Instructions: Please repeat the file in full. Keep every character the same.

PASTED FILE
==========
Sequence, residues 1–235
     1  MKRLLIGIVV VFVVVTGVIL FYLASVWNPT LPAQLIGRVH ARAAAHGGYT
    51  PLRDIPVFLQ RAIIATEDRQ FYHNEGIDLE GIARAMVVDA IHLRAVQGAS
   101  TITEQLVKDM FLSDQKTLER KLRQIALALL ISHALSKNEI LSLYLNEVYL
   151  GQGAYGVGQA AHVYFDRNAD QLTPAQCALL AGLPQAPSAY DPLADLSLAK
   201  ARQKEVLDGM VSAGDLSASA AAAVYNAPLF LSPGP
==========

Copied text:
Sequence, residues 1–235
     1  MKRLLIGIVV VFVVVTGVIL FYLASVWNPT LPAQLIGRVH ARAAAHGGYT
    51  PLRDIPVFLQ RAIIATEDRQ FYHNEGIDLE GIARAMVVDA IHLRAVQGAS
   101  TITEQLVKDM FLSDQKTLER KLRQIALALL ISHALSKNEI LSLYLNEVYL
   151  GQGAYGVGQA AHVYFDRNAD QLTPAQCALL AGLPQAPSAY DPLADLSLAK
   201  ARQKEVLDGM VSAGDLSASA AAAVYNAPLF LSPGP